The other giants groaned in unison as they made to stand while the G'hern roared in discontent. They had been amassing stones at this point in the stream for the last three weeks. Before that they had spent their time building the wooden braces that kept the boulders from tumbling downward. All of this work had been done under the relentless supervision of an ill-tempered Voil - a large bat-like race of creatures from the very summit of the Peaks. The Voil told them that if they worked hard enough, at some point they would receive a signal that would let them know they could stop working. Thus they moved countless large stones from all around the canyon, dropping them behind the braces, waiting for the moment the signal was sounded.
Originally there were more G'hern for the task, but the Voil had taken to plucking them from the ground and dropping them into the pile of boulders for sport. Each died on impact serving as a brutal reminder to the others of the strength of their leader until their corpses were buried under the next day's worth of boulders.
After a few more trips of stones, one of the giants complained aloud, "Tireda moving stones!"
"Tireda whining!" the larger giant mockingly said, "Tireda whining Ooneye! Tireda!"
"Tireda damned bossiness!" replied the first giant again, frustrated with the larger one.
Overhead a shadow flashed by as a large winged creature perched atop the mound of stones, its wings spread wide in a majestic display of their immense size. "Silence!" screeched the beast in a sharp burst of abrasive syllables. The beast stood nearly as tall as the giants, but was significantly leaner, with an ugly gnarled face and immensely muscular legs. Its body was armored in dark black plates of metal that gleamed as if they had been shined recently. Where the plates did not cover, the creature's thick gray fur stuck out blowing slightly under the breeze. On its back it wore a very large spear at least as tall as one of the giants.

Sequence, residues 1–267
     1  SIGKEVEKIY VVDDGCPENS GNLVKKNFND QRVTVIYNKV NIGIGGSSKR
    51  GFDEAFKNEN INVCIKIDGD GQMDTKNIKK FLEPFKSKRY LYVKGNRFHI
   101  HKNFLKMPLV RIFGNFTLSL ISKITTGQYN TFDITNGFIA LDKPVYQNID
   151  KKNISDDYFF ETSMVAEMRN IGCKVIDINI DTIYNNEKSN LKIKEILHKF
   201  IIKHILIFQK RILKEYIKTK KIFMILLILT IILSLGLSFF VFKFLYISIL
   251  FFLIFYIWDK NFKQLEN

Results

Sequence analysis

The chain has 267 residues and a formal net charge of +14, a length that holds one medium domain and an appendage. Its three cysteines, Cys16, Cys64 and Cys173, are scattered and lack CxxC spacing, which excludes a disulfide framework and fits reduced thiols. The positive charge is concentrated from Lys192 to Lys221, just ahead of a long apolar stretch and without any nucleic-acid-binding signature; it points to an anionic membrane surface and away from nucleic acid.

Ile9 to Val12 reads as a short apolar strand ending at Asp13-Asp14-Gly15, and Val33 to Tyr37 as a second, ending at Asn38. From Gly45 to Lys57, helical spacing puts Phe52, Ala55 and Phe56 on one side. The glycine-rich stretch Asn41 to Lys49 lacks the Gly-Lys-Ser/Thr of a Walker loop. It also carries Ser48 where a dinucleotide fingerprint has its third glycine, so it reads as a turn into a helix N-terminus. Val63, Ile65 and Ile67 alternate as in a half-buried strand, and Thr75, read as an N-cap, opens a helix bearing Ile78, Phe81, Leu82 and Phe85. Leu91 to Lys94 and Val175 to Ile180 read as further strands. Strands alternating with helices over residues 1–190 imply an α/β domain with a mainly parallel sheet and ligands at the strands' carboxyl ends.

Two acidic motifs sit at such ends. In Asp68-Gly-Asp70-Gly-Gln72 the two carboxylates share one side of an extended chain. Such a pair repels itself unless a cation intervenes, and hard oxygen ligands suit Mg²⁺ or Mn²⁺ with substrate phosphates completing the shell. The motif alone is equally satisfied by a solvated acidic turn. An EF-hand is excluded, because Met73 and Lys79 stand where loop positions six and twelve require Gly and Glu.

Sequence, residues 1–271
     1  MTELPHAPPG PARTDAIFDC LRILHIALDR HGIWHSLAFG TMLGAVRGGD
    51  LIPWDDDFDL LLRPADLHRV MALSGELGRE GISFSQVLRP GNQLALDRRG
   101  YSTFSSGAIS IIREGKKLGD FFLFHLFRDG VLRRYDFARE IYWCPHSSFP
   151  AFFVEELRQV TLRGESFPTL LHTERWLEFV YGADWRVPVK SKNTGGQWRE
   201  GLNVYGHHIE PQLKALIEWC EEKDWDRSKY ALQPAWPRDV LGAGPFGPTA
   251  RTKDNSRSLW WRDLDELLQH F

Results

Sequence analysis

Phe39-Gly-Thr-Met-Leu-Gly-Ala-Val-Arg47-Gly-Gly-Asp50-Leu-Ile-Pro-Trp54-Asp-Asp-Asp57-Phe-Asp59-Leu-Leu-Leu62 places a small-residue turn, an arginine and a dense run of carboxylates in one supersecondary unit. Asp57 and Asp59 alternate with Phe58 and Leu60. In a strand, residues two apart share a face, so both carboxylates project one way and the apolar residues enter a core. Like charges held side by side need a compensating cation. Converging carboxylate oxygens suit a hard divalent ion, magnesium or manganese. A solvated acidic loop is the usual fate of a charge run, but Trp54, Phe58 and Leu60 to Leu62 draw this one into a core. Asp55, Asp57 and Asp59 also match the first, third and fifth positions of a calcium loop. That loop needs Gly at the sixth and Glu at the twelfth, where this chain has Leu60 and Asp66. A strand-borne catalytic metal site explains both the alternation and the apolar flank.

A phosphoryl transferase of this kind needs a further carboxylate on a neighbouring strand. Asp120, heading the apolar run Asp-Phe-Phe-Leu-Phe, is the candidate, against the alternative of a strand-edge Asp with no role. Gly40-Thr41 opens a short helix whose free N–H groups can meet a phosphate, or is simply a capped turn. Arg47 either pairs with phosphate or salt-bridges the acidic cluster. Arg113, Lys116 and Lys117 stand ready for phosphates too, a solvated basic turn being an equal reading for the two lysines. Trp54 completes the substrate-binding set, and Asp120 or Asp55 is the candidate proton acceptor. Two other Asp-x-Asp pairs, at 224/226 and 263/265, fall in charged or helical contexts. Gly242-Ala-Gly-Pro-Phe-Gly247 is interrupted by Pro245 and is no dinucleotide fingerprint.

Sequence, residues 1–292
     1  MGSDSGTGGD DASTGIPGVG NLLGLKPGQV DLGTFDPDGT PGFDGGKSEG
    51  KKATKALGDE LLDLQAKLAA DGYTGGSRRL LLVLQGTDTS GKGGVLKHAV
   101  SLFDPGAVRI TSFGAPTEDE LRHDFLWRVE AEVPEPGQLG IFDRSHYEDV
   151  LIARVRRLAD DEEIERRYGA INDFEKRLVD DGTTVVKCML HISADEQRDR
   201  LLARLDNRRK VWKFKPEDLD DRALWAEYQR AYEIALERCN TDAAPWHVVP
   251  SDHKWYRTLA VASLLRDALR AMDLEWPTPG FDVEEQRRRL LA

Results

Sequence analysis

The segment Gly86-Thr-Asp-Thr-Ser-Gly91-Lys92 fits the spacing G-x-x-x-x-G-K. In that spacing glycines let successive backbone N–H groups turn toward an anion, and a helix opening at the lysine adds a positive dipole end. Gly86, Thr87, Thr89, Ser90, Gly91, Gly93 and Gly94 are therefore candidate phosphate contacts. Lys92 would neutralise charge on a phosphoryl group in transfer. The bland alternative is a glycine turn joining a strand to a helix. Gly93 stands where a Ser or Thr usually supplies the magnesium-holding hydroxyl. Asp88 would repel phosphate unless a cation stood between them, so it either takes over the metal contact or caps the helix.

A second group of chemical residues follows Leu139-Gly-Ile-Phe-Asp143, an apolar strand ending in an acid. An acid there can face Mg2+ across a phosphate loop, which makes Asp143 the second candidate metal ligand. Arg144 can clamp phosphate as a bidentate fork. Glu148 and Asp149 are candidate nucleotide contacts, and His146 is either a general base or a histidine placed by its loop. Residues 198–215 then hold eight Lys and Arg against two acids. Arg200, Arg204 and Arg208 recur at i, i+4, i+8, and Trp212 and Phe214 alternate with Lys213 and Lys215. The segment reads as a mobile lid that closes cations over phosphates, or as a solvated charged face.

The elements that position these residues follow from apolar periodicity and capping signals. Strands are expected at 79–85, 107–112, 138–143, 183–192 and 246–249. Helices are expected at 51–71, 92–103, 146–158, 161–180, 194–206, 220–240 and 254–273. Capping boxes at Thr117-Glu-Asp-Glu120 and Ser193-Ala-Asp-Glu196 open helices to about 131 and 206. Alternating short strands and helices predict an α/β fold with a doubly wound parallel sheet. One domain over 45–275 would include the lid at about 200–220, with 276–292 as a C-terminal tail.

With their cruel leader now watching over them, the four giants hurriedly returned to their task of moving stones onto the heap. The beast flapped its wings from time to time, twitching its large ears as it focused on the noises of the river in this canyon.
"Work faster!" screeched the Voil startling the giants walking past, its voice more a high pitched crackling noise than something intelligible. "You got nothing done while I was gone!"
The laborers worked silently now, bearing the large boulders up the ramp, heads down-turned lest they meet the same end as their old companion. Each was bringing a second stone to the mound when suddenly a piercing cry filled the canyon. The giants and G'hern screamed in agony as they dropped their stones, covering their ears from the noise. The Voil seemed unfazed, taking to the air shouting with its sharp grating voice, "You fools! Uncover your ears! Get to the ropes! It's the signal!"
All of the workers quickly ran down the slope each grabbing one of the ropes bound to the wooden brace. The sound stopped nearly as quick as it had come, but was followed by a deep rumbling noise that seemed to shake the very core of the peaks. Standing at the floor of the growling canyon the giants began to tug at their respective ropes. The Voil hovered nearby counting off for the giants as they pulled and pulled and pulled. On the end of their fifth pull, a cracking noise came from the wall as the combined strength of the giants suddenly broke one of the supports of the wooden brace releasing a wall of stone crashing into the river itself.
Within moments the canyon was sealed from wall to wall with the enormous barricade of stone the giants had been building. The giants, unable to escape the downpour of stone, fell prey to the very device they had created. The Voil took to the sky the instant the braces creaked, looking back only once to make sure the river was indeed stopped behind the dam of boulders.
"... For it is through the strength of the Source that Forglar lives," echoed the temple as they finished the prayer. Standing on the water covered platform, Tommish and his fellow initiates watched keenly as the Keeper of the Degt brought his arms back to his sides and stepped back to stand with the other shamans. As he did so, the faint glow of the Nora Pearls and water faded back to their normal luminescence.
"When the swamp speaks we must listen," said the three keepers in unison, "the swamp knows more than we can ever know, and we must remember this despite what we learn. We must remember to listen."
The keepers of the Anno and Riannee stayed back while the Keeper of the Degt returned to the front, "The voice of the swamp is loudest at the Source. This is why you come here. To hear how the swamp whispers. Listen..."